‘A Chinese student is in our second year of Human Resource Management. She has a mild physical disability. The student has a problem with self-assertion: she is quiet and withdrawn in class, has difficulty participating in discussions, expressing her opinion, and questioning fellow students. She’s not happy about this. I talked to her about it and asked if the lack of self-confidence has anything to do with her cultural background. The student answered in the affirmative and relieved. She added that it is impossible for her to be confident at home. Now I am faced with a dilemma: on the one hand, we find self-confidence important in education, on the other hand, self-confidence comes into conflict with this student’s culture and perhaps with all other foreign students. How can I solve this dilemma? ‘
Multi-collectivity, multiculturalism and multiple identities
Culturalization inhibits open communication between teachers and students. A person’s culture of origin cannot be a frame of reference for the interpretation of a person’s behavior and views. Nor can people be reduced to their national identity. Every person is part of many social groups or collectives, each of which is to a greater or lesser degree characterized by a culture. Culture here is the meaning of a collective’s habits: behavioral repertoire, language, knowledge, rituals, traditions, values and norms. Think of families, generations, religious groups, regions, cities, cities, online communities and educational institutions – all with their own culture.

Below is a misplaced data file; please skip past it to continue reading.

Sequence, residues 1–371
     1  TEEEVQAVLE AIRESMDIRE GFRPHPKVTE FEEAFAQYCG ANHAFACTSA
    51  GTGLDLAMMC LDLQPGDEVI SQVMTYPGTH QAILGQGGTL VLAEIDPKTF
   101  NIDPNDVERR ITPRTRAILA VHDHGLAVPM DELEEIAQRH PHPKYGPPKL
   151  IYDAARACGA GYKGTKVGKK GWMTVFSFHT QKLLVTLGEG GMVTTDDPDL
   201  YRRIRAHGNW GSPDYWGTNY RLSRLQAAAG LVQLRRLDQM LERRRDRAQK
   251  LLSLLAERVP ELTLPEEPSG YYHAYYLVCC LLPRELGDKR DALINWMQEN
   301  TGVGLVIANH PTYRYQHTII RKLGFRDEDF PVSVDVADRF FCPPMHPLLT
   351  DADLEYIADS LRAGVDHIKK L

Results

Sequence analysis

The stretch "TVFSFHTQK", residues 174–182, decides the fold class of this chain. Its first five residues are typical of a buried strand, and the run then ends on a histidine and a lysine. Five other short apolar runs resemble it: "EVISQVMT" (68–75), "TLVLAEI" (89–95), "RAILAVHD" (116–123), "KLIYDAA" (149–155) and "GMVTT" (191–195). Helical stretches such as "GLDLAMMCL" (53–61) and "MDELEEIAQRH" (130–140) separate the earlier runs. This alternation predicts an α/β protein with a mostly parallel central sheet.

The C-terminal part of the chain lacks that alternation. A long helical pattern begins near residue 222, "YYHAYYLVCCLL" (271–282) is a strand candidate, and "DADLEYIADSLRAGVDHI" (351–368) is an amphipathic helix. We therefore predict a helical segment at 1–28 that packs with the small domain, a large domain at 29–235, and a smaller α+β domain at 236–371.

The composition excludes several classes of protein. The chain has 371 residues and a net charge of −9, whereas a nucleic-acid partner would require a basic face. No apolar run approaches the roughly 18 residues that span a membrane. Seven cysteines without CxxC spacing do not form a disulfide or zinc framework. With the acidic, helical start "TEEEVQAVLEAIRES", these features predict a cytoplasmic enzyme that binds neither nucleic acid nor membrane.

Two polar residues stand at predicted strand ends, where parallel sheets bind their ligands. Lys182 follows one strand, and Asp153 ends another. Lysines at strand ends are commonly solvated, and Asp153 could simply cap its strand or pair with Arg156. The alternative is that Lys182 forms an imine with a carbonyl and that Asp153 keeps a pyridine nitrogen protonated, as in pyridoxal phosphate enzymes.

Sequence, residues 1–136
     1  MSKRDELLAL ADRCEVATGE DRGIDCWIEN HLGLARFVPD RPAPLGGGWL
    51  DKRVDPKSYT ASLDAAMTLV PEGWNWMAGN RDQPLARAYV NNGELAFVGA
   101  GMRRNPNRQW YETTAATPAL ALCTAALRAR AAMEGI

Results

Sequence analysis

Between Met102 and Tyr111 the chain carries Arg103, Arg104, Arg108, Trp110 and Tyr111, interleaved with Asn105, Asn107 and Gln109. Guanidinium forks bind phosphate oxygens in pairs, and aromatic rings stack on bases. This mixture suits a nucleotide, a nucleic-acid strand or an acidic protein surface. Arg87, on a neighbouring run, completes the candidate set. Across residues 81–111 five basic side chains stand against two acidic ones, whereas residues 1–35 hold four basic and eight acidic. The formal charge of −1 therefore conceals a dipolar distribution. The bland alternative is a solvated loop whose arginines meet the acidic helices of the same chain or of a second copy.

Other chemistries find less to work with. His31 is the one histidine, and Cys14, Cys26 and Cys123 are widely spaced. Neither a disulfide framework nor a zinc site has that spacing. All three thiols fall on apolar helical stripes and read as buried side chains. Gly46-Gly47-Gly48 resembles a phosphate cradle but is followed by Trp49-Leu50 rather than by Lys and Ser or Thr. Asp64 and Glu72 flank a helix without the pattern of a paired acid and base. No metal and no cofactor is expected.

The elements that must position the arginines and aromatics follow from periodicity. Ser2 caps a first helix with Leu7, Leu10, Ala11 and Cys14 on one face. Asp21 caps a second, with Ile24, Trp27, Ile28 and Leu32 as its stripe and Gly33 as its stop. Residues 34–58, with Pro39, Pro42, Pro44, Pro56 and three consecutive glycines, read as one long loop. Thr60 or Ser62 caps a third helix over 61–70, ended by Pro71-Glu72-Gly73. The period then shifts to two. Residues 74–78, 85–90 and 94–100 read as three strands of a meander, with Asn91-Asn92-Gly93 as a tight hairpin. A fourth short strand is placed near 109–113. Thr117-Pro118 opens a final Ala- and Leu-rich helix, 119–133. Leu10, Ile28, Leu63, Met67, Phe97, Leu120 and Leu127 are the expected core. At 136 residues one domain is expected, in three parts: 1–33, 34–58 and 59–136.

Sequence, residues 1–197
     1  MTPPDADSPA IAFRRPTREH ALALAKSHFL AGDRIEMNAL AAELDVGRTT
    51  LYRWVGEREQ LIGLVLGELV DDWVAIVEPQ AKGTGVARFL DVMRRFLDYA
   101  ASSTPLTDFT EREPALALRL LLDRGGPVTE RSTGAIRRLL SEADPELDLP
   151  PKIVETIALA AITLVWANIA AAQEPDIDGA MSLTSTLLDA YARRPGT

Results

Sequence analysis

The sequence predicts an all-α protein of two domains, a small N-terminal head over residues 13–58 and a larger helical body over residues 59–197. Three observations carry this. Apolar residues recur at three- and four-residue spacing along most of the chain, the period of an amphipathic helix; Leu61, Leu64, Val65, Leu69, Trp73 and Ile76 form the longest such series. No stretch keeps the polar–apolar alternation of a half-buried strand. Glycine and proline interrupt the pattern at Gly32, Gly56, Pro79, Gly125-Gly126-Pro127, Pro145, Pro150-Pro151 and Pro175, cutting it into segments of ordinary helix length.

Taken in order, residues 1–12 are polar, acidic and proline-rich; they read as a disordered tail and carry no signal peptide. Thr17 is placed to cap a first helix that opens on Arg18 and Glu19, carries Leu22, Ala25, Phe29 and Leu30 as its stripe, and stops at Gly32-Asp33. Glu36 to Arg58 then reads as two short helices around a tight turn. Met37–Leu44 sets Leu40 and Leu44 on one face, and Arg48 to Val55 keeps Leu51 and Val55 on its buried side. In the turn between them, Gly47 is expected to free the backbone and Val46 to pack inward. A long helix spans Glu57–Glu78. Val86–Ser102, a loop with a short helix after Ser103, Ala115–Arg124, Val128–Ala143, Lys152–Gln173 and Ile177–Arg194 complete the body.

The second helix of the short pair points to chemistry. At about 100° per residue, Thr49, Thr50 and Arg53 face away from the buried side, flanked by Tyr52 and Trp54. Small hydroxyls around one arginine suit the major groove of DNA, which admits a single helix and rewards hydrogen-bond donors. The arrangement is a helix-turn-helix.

So there is not only a national culture; there are as many cultures as there are collectives. A person can derive an identity from any collective. Each person is thus characterized by multi-collectivity, multiculturalism and a multiple identity. For example, someone identifies as a woman, student, mother, believer, daughter, partner, influencer, and vegetarian. Above all, it is important to realize that people process the cultural offerings in their lives in their own individual way. It is true that it is possible from the collectives to which people belong to deduce what cultural habits, behaviors and ways of thinking they may be familiar with, but what someone makes out of it, what ideas, views and practices the person himself gets out of of the. , remains completely open (Rathje 2009: 12).